The Log Home Neighborhood

An online log home community for log home enthusiasts.

It's cold here in Virginia! With the back-to-back blizzards a few weeks ago and some pretty bone-chilling temperatures and winds sticking around for the past few months, I'm definitely feeling the need to get some quality outdoors time, and I can't wait for spring to get here. I imagine I'm not the only one who feels this way.

Fortunately, log-home building makes it easy to bring the outdoors in. As I write this, we're in the middle of putting together the May/June issue of Country's Best Log Homes, and it's all about outdoor spaces. You might be surprised at all the options out there that can bridge the gap between inside and outside.

For example, a sunroom can easily connect you with your natural surroundings. Imagine enjoying your morning coffee while surrounded on three sides by glass — it feels like you're outside, but you have all the creature comforts of home. Many sunrooms are largely soundproof, so it's very likely you could see a lot of wildlife that may normally avoid you when you're outside and crunching loudly through the leaves.

Decks are obvious choices for log homes, but if you include one (or more) into your home's design, give some serious thought to its construction. I grew up with a deck made of pine boards, and I think the builder got a deal on some knotted planks, because there were a few spots where the sap would ooze out of old burls on hot summer days. You think mosquitoes ruin a barbecue? Try getting sticky pine sap all over your clothes (and then later, trying to get it out). Better-quality pine boards would have avoided this problem, or a different wood altogether. Check this article out for a sampling of different woods you may not have considered for your decking material. And as always, take the time to figure out how the space will be used so you can design it around your needs.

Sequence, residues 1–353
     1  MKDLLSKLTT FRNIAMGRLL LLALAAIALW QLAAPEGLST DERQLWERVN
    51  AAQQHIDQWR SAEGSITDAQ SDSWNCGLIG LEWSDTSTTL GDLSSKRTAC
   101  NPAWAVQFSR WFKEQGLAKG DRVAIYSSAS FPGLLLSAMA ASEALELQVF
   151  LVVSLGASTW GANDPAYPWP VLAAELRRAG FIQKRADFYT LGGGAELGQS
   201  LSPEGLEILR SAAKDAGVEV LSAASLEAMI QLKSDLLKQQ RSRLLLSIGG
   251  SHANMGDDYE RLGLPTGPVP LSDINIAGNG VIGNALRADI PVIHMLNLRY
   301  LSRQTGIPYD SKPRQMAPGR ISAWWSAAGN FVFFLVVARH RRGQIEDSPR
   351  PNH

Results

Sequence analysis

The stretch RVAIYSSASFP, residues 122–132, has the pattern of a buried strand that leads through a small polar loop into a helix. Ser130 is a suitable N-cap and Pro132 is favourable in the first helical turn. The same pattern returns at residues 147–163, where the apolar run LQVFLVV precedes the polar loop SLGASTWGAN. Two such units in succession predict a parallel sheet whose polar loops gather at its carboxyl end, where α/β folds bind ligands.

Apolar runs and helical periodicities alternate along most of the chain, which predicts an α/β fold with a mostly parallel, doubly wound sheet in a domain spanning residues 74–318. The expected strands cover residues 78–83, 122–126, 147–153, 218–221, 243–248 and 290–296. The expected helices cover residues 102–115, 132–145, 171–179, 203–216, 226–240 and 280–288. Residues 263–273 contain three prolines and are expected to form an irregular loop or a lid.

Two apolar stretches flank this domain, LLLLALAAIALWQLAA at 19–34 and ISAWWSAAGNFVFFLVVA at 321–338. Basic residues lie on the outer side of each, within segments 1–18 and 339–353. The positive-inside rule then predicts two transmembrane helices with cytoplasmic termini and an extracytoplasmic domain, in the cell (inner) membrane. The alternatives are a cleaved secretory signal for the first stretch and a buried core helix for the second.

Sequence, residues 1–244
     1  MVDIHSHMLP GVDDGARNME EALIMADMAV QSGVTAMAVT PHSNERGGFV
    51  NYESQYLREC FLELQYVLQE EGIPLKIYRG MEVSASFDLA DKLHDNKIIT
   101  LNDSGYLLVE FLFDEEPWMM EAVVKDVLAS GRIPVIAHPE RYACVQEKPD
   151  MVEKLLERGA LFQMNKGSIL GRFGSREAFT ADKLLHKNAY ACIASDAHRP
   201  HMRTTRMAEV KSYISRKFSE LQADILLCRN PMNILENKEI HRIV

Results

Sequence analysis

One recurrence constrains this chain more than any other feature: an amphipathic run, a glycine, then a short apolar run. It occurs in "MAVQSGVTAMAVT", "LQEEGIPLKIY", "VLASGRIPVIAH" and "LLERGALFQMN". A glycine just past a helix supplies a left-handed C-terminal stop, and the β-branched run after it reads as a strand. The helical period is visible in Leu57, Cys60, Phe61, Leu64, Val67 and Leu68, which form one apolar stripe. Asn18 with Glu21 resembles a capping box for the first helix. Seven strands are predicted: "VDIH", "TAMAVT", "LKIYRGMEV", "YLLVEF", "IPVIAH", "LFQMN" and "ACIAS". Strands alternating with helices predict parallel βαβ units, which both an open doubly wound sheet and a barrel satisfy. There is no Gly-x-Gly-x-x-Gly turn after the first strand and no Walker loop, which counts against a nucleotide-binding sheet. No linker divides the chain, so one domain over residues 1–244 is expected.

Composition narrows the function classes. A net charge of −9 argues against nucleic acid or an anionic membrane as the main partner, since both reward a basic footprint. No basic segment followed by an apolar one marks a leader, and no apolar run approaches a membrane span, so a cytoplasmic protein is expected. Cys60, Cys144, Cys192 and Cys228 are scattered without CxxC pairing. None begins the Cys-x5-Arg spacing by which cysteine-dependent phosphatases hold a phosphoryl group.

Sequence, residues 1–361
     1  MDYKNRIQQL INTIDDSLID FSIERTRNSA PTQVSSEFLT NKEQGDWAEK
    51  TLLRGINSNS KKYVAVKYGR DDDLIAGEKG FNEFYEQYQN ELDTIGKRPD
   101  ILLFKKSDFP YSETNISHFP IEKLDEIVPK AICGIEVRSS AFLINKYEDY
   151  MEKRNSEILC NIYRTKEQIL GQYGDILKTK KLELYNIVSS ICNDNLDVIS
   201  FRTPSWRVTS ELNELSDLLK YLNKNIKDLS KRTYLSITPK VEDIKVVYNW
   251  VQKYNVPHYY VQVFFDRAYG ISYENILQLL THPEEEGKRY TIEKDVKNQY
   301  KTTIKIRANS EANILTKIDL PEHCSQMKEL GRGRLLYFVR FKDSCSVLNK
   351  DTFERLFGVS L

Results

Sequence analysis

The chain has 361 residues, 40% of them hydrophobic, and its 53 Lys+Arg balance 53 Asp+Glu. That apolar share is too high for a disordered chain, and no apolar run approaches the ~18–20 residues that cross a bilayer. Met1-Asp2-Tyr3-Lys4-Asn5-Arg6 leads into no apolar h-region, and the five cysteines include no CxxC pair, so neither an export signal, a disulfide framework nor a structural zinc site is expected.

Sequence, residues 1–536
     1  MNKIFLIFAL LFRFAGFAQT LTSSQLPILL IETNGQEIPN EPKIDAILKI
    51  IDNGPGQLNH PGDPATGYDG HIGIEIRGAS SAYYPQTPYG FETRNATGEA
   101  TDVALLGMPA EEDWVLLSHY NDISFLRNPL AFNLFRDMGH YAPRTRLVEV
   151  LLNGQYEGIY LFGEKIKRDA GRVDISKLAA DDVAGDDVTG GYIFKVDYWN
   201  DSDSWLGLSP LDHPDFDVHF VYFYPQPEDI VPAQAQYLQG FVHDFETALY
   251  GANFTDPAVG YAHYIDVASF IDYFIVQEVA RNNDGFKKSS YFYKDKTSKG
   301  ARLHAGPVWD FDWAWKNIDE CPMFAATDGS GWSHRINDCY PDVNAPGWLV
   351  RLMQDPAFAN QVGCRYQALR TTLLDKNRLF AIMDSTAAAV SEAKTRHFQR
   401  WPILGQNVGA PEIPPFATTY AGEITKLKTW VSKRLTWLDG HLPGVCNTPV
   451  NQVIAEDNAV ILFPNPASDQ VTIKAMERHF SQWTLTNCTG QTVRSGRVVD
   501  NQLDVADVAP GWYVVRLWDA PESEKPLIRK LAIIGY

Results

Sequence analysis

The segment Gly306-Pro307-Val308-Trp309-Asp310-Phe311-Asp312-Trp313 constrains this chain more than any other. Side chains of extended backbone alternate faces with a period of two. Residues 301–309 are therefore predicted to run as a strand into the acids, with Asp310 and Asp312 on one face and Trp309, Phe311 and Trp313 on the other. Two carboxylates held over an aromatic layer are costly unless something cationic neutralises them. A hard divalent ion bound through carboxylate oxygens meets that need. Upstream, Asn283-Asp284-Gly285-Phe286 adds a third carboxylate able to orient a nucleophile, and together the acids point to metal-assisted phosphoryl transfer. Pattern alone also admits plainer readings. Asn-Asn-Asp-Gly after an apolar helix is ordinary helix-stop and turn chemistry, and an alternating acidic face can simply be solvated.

Patios can also be custom designed to match your home and its surroundings. I love this one by Rocky Mountain Log Homes — the homeowners carefully planned it to fit into its environs, and it flows easily as a natural extension of the home.

With enough planning, you may find yourself wanting to spend more time outside your log home than inside it, and for many outdoors-minded people like myself, that's one of the main draws of a log home. They don't call it cabin fever for nothing! As for me, I'm just waiting for the snow to melt off of my patio in, oh, July or so, but in the meantime, I've got some serious plans set up for my garden. Adirondack chairs and morning glories, here I come...

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Comment by Wes on April 29, 2010 at 2:07pm
For our deck we had quite a few leftover logs and our builder contacted an individual with a portable sawmill. We had him saw the remaining logs into rough-cut 2x6's. We will stain them when we can get back in to the cabin. Like you we are waiting for the snow to melt. Saturday we drove to the entrance of our driveway then walked the last 125 feet. It is 150 feet to the cabin, but the last 25 feet was snow drifts of 4+ feet - so near and yet so far.

Today here along the Wasatch Front of Utah we are watching 2-3 inches of the white stuff fall. But as they say, wait ten minutes and it will be sunny.

We finally got copies of "Country's Best 'Cabins'" from our local Barnes & Nobel. When I took four copies to the checkout the lady looked at me kinda wierd, why four? I told her there were pictures of my cabin on page 16. Immediately she called all of her coworkers around to take a look. Instant celebrity status. You did a great job and I really like your magazine.
Comment by Kevin Piatz on February 26, 2010 at 8:50pm
Great article, I enjoy your writing. I'll be looking forward to the next issue of Country's Best Log Homes.

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